I get hundreds of pitches for new gadgets. Only a few really surprise me. Following are the newest and most interesting smartphone accessories I’ve come across recently. I’m not advocating you run out to buy them, but these are smart iterations and signs of what’s to come.
The ChargeCard $25
If you own a smartphone, you have had power anxiety: Will you make it through the day? Did you One end plugs into your phone’s power port and the other goes into a USB outlet. May new cars have USB ports for power and so do computers, but if you want to plug into a socket, you’ll need a USB AC adapter.remember to bring a charging cable? The ChargeCard from BiteMyApple can help; it is an Android and iPhone (4&5) charger that fits in your wallet. It is a tiny bit thicker than a regular credit card but it handily fits in even the thinnest billfolds.
Music in the shower: it’s nice. The Moxie Bluetooth Shower head speaker makes it very 2013. The shower head screws onto your spigot just as any shower head would. You charge the speaker, pair it with your phone,fire up a playlist, and then place it into the shower head. It is fully waterproof, and when you turn on the water, the sound quality is surprisingly good. The volume is adequately loud and the acoustics of the shower make it even better. While creating a musical experience for your relatively short shower may seem over-the-top, I actually used it more to stream podcasts while I put on makeup and got dressed – kinda like a radio in the bathroom, but much more personalized content and better quality when you are actually in the shower.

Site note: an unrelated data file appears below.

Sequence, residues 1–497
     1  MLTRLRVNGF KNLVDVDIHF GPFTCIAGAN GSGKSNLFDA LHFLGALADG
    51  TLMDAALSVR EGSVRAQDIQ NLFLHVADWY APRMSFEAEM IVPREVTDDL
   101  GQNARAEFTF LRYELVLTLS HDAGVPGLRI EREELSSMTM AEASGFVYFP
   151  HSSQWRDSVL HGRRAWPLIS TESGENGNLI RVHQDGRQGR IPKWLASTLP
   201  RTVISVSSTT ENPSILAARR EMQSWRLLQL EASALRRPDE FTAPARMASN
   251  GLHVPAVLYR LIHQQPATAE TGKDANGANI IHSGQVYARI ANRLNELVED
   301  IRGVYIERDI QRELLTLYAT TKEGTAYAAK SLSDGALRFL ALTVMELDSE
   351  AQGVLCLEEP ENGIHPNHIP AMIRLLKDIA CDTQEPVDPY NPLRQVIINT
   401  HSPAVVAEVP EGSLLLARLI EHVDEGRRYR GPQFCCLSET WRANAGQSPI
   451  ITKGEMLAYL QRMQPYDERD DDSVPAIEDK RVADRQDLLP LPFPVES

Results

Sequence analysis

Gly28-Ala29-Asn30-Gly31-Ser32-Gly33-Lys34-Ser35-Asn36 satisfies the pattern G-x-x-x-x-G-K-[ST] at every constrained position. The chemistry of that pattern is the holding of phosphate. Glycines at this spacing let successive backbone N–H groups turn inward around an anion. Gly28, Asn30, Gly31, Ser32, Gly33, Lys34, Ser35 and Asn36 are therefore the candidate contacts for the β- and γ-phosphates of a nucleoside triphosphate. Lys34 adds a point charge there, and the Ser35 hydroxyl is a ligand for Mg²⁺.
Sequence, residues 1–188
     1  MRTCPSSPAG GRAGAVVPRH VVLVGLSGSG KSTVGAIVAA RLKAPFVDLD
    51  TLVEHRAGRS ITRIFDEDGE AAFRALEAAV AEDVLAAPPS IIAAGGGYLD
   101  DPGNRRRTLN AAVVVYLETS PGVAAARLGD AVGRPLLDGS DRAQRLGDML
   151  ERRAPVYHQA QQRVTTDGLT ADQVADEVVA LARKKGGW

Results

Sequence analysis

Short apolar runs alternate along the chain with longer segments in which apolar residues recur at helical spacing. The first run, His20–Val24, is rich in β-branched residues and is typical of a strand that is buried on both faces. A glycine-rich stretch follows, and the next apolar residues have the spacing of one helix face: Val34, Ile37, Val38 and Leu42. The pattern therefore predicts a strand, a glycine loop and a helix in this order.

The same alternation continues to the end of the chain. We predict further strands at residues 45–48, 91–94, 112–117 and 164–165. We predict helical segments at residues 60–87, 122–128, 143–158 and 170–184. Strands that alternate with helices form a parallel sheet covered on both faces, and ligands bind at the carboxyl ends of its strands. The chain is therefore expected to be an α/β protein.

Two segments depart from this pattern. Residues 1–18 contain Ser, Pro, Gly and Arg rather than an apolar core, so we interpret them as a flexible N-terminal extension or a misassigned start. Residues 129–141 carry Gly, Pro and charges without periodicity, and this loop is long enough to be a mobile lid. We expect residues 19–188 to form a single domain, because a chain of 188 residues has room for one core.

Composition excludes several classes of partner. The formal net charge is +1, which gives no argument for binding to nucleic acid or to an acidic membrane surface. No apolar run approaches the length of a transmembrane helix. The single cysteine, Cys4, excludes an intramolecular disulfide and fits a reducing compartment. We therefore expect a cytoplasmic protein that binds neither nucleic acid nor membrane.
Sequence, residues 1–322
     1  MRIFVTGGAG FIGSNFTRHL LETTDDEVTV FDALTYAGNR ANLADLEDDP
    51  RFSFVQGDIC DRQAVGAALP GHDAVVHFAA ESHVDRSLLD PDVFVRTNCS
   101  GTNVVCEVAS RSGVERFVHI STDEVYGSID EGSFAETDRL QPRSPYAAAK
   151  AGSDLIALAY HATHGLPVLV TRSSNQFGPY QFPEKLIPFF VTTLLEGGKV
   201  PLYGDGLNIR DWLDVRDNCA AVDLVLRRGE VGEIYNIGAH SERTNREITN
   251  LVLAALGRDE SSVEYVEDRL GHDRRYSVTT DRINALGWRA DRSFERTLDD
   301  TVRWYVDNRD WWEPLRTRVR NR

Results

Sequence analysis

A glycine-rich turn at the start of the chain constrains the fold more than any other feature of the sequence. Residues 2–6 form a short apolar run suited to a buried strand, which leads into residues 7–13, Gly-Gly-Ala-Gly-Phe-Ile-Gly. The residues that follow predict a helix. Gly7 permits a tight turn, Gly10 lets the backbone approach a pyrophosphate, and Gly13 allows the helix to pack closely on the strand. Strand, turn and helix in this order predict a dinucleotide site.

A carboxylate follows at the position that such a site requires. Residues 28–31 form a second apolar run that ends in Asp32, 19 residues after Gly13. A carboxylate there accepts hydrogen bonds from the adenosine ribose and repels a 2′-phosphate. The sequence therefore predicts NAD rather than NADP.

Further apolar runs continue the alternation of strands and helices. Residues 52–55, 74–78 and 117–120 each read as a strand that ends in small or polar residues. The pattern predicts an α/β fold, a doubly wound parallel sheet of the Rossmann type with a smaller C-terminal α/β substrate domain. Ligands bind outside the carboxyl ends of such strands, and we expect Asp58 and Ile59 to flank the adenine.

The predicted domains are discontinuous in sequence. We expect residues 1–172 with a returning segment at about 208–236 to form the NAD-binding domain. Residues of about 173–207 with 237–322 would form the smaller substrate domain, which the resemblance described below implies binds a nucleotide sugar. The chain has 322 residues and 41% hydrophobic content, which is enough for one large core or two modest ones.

[Related: How Waterproof Are Your Gadgets?]
What if you could control all of the AA battery-operated devices in your home from your smartphone? That’s the premise of the Tethercell. It’s a AA battery housing that fits over a AAA battery. Put this in place of one of the AA batteries in any AA battery-powered device, and then connect that device to an app on your phone. The use-case I imagine is inspired by my kids. Remote controlled toys keep appearing in our home. I don’t buy them (I hate them), but the kids love them, so (thanks, grandparents) they seem to miraculously materialize. The kids often (always) leave the power on, and while that offends my environmental tendencies, the real problem is that I have occasionally (often) been woken in the night to the sound of Elmo on a laughing rant or a transformer shrieking with all it’s mech-rage. With the Tethercell, I could turn them all off with the swipe of my finger. You can also create a rule where they automatically turn off each night at 7 pm. You only need one Tethercell case per device no matter how many batteries it takes.
I’ve used a Timex heart rate monitor strap and watch for years. It tracks my workouts to tell me how hard I’m pushing and how many calories I’m burning. But the watch is not a great tool for tracking my metrics and analyzing them over a long period of time. Garmin and others make heart rate monitors that tie into armbands that connect to your computer and upload data. But that mandates the extra step of actually connecting the device to your computer when you get home. So the heart rate monitor that ties directly into your smartphone is a winner for me. I always run with my phone (for safety,plus it has all my music), so having an app on there that tracks my distance heart rate and calories burned makes sense. The app for the Viiiiva is still a little klugy – it pegged my 30-minute run as burning 2000 calories (I wish;“Hello, Ben & Jerry’s”), but it also ties into other fitness apps like Runkeeper, which may handle the calorie algorithm a little more conservatively(“Hello, Salad bar”).
[Related: How to Lose Weight Playing Video Games]
This review is completely independent and editorial. It is based on personal opinion and is not a paid advertisement.
- Technology & Electronics